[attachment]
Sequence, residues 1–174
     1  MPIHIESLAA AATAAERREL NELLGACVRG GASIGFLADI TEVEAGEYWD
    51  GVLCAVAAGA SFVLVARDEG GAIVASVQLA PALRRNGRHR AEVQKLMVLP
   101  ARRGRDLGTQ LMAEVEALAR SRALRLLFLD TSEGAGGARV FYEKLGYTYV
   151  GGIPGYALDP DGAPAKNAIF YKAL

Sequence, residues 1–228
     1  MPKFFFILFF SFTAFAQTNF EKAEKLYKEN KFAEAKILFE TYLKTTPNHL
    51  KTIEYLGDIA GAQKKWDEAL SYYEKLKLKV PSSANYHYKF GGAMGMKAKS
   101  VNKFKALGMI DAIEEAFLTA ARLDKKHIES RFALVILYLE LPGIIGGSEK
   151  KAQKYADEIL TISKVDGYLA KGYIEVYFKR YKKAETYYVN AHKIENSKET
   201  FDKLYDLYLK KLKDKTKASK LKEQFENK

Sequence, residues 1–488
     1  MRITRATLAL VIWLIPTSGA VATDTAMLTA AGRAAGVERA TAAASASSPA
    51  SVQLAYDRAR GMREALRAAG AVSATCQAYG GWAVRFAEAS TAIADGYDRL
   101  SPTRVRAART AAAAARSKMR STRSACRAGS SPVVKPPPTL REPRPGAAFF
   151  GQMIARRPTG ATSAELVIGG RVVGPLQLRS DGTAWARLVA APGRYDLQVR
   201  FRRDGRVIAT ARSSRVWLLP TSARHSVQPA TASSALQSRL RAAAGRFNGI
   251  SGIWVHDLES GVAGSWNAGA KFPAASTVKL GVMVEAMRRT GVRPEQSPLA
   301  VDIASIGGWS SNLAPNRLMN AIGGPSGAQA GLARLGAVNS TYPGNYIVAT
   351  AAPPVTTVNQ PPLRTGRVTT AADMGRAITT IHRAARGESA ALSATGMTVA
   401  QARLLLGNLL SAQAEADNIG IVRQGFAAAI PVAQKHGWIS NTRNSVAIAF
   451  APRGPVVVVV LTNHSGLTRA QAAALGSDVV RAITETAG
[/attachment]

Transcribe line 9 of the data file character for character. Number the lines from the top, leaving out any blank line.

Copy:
   101  VNKFKALGMI DAIEEAFLTA ARLDKKHIES RFALVILYLE LPGIIGGSEK